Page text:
Monday whimsy (Part 3)

If there was ever a time in which some whimsy is needed, this is it.  If you missed my first two installments of Monday Whimsy, devoted to the art of Christoph Niemann, you can check them out here and here.

These images–along with those in my other two Niemann-themed posts–are from a series called Sunday Sketches.  “On weekends I just doodle for the fun of it,” the artist says. “The idea for the series happened organically: because I always have a messy desk there was all this stuff that shouldn’t be there, so I started drawing around that. Now I pick an object that doesn’t immediately invite any kind of connection – the weirder the better – and then I stare at it until some kind of image appears.”

And this quote, taken from a published collection of the sketches, seems particularly apt in these days of COVID-19:

“Relying on craft and routine is a lot less sexy than being an artistic genius. But it is an excellent strategy for not going insane.”

I, personally, can’t get enough of this man’s creativity.  I have some favorites among this bunch.  What are yours?

Niemann rhinoNiemann pencil megaphoneNiemann key birdNiemann giraffeNiemann tape bike

sundaysketching_p212Niemann egg

Niemann strawberryNiemann tangerineNiemann sweepNiemann flower2020-03-30 (4)2020-03-30 (5)2020-03-30 (6)2020-03-30 (2)Niemann tpNiemann dog howling at jeans moonNiemann comb grille2020-03-30 (9)

Niemann took on our current moment in a recent cover for The New Yorker, a frequent showcase for his art.

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Francoise Mouly, the longtime art editor of the magazine, posed some questions to Niemann:

Your first sketch was about the effect of the coronavirus on a global scale. How did you get from the very large to the very small?

I believe that the best concepts develop in the process of drawing. I don’t usually have ideas pop in my head fully formed when I’m not at my desk. Yet the genesis for this image, the idea of a sneezing domino standing on top of a globe packed with other domino pieces, came to me when I was lying in bed, trying to fall asleep. I tried to wake up my wife (who’s my most reliable judge) to ask her what she thought. I got an unmistakable “whatever.” I got up again and sketched down the idea. Only the next day, when I sat down to turn the concept into a proper art work, did I realize that the globe and the pieces actually resemble a virus. In the end, it still proves my theory that all decent ideas come together when you actually draw them.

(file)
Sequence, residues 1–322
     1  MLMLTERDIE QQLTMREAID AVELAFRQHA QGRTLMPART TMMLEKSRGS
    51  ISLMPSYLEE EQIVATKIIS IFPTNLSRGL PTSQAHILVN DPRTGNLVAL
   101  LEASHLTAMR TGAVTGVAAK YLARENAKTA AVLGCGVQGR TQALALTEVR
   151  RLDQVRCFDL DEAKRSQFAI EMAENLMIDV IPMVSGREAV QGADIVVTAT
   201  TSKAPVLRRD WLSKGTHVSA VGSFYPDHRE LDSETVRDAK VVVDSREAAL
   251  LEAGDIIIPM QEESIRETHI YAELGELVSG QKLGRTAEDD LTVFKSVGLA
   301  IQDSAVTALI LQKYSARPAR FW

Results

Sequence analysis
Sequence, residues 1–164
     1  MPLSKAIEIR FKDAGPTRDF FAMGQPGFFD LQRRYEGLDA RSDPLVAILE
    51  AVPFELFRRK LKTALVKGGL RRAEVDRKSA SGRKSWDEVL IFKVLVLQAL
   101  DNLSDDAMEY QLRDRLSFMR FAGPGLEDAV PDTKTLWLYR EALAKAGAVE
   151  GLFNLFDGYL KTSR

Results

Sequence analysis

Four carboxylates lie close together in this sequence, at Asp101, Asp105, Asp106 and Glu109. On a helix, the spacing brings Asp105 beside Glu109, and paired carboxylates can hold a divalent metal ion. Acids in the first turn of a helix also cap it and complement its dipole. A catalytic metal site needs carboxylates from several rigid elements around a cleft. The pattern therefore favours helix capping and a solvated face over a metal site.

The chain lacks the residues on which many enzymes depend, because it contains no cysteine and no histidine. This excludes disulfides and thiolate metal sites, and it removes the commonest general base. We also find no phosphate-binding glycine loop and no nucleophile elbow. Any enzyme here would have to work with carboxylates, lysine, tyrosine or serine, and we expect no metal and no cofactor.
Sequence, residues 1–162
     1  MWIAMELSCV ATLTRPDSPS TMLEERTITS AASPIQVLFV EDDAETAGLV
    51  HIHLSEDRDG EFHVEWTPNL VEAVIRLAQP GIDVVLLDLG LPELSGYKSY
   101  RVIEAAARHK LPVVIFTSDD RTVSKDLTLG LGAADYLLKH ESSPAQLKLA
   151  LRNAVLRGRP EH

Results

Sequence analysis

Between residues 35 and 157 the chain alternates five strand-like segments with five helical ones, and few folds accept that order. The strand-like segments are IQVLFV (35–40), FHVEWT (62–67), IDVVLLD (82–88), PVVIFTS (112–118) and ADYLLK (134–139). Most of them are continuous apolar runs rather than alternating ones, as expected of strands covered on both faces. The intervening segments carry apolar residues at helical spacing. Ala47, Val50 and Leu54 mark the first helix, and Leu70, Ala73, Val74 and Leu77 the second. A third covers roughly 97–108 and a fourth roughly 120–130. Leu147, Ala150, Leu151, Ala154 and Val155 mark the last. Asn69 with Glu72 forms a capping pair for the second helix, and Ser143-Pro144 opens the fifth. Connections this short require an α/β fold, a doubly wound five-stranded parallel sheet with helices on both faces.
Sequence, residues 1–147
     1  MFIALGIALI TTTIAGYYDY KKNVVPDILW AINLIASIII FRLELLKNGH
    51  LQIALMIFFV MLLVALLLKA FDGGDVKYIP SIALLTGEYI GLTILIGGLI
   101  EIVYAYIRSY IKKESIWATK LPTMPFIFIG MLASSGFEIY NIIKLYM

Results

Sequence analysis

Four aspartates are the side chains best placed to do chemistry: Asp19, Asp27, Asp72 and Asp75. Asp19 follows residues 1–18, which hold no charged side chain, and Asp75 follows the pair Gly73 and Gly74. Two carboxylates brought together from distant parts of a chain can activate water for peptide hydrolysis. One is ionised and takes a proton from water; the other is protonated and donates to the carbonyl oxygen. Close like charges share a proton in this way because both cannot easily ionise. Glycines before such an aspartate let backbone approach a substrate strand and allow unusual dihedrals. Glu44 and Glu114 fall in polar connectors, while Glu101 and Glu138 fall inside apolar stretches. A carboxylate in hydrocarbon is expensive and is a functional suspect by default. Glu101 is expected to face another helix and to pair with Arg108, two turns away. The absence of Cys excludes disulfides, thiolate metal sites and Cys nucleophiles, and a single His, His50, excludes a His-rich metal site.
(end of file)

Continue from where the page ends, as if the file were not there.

Unlike a chain reaction, the domino effect is a game-derived metaphor. Was it your intention to play up the element of chance?

As a kid, I spent a lot of time building pretty complex chain-reaction projects with wooden blocks. I vividly remember the constant anxiety from knowing that one accidental move could destroy everything in a second. The situation we’re facing is obviously much more dramatic, but that sense of fragility felt apt.

Your image points to both isolation and interconnectedness. You live in Berlin with your wife and three kids; how has your actual daily life been affected by the pandemic?

Until recently, life still felt normal, apart from the pasta and toilet-paper supplies at our supermarket being lower than usual. But the mood keeps changing drastically. No more jokes about touching your face or funny substitutes for handshakes. It’s like getting punched in slow motion. This is the moment just before the fist touches the chin. I catch myself thinking about how the world will recover, but realize that there will be plenty of agony before we can even assess the damage.

And lastly, yesterday’s New York Times Magazine included this spread on Niemann’s trip to Estonia.

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Stay safe, and be kind to one another.


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